Stealth action titles are some of the hottest games out today. If you need any proof for that, simply look at the popularity surrounding games like Metal Gear Solid and Splinter Cell. Maybe it’s the nature of the world today, but more and more players are interested in becoming covert operatives striking out against rebellious factions and saving the world. Up till now, every secret agent stepping out of the shadows has been a tough as nails, grizzled veteran who’s got a chip on his shoulder. Well, Kemco and Bitz Studio are getting ready to put a new spin on this clandestine world with their new title, Rogue Ops.
Players are cast as Nikki Connors, an ex-Special Forces agent whose life is ripped apart by tragedy. One day, her husband and child are murdered in an explosion that rips through their car. A terrorist organization called Omega 19 claims responsibility for the act, and as Nikki starts to search for answers, she quickly discovers that her departed husband was a member of a covert organization called Phoenix. Desiring payback against the people who destroyed her family, Nikki joins Phoenix and trains with them for multiple years to exact her revenge.
Apparently, this training has paid off in spades, as she appears to be rather agile in her movements. Nikki can change her pace from a stealthy crawl to a light walk to a steady jog with increased pressure upon the analog stick. This nimbleness in her steps allows Nikki to quietly creep up on enemy guards and pick their pockets for weapons, access cards or keys. This same sneakiness can be used to disarm and silently eliminate enemies before they can call for backup. In a rather creative twist to the typical stealth kill, players have to input the correct combo sequence in a limited span of time to be successful. Failing to do so results in the escape of the target and the immediate raised alarm of any reinforcements in the area. This lends a definite air of tension since there is no guarantee of taking out your target.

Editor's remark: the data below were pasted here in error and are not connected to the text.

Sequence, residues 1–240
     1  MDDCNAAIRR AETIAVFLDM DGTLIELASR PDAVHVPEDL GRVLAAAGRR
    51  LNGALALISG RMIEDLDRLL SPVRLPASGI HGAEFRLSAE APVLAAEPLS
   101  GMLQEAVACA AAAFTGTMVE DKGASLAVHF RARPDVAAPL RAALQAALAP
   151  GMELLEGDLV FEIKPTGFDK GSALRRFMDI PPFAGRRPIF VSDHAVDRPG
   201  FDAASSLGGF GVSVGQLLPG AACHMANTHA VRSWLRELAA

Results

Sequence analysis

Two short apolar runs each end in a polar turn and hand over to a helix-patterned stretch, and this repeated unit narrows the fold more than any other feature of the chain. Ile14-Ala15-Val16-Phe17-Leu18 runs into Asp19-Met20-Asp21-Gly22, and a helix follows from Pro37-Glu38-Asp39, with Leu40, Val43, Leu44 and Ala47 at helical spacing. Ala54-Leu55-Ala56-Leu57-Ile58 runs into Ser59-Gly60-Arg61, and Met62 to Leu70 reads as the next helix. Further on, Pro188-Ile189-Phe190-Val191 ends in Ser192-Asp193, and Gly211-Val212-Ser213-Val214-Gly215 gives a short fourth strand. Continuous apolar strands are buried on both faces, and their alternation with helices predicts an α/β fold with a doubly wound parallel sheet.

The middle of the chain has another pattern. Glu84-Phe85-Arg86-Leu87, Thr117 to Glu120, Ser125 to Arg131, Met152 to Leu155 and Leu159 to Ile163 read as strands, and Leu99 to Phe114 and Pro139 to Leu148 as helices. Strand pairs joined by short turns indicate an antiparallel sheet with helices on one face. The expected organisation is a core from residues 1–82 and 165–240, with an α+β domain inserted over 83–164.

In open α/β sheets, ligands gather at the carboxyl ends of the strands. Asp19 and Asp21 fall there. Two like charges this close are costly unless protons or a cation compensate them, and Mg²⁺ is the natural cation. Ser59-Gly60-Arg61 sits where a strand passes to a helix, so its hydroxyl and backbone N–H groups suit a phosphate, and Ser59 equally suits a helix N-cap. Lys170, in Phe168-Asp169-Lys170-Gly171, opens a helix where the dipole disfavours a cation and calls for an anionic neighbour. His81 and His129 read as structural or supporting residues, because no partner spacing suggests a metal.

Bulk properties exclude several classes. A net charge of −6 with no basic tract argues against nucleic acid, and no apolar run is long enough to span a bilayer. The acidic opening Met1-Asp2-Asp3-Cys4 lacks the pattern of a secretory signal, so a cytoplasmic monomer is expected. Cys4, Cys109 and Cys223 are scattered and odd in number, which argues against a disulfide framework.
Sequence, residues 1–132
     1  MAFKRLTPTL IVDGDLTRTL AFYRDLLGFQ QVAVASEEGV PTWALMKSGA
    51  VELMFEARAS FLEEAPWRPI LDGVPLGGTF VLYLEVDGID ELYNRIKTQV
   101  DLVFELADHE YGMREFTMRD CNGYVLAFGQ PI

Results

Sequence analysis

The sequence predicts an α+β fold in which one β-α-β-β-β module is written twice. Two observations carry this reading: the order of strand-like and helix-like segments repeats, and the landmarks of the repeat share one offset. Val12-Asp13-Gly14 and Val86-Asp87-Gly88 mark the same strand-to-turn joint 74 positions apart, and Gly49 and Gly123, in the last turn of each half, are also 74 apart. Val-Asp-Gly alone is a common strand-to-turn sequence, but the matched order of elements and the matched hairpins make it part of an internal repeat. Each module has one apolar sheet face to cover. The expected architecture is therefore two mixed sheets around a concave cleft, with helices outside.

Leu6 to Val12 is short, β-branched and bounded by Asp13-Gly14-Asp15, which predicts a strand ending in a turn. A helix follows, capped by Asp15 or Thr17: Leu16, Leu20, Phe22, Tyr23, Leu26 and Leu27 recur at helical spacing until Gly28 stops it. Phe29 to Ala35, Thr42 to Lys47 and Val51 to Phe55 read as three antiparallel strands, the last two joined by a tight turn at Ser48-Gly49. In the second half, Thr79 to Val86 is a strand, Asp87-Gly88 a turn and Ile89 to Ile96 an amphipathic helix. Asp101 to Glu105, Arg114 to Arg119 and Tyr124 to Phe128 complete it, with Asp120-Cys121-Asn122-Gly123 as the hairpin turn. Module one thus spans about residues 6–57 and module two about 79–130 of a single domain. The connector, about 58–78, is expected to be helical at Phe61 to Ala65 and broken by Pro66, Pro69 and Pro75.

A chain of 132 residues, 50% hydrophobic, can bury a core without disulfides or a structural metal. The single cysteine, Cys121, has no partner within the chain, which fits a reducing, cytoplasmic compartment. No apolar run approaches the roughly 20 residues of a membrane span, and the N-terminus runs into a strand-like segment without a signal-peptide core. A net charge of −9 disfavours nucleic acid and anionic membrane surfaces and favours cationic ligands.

Taking these risks are necessary, however, because you will have to kill enemies more often than sneaking past them. While firing a gun or throwing a blade into a guard can quickly kill them, there are two downsides to assassination from a distance: 1) bodies will have to be hidden to avoid detection and 2) these guards will often spout blood or leave trails behind them, which can raise the alert status of a base dramatically if stumbled upon. Though it won’t force players to restart a mission, it will make navigation of each level significantly more difficult, especially with automated defense systems activated. Fortunately, Nikki has ten weapons to defend herself, and a number of gadgets, including a grappling hook to scale walls and a pair of sunglasses that can detect body heat as well as see through walls.
The character models for Rogue Ops are smoothly animated, and exist in very detailed environments scattered throughout the world. Nikki’s motions in particular are rather fluid, particularly when she attempts to stealthily kill someone, which involves the game fad of the moment, Matrix-like camera angles and sweeps. Vocally, the acting for both Nikki and her handlers is very well done, which makes the story much more appealing to play through. Rogue Ops could be a stealthy hit when it sneaks into stores later this year. Check back for a full review!
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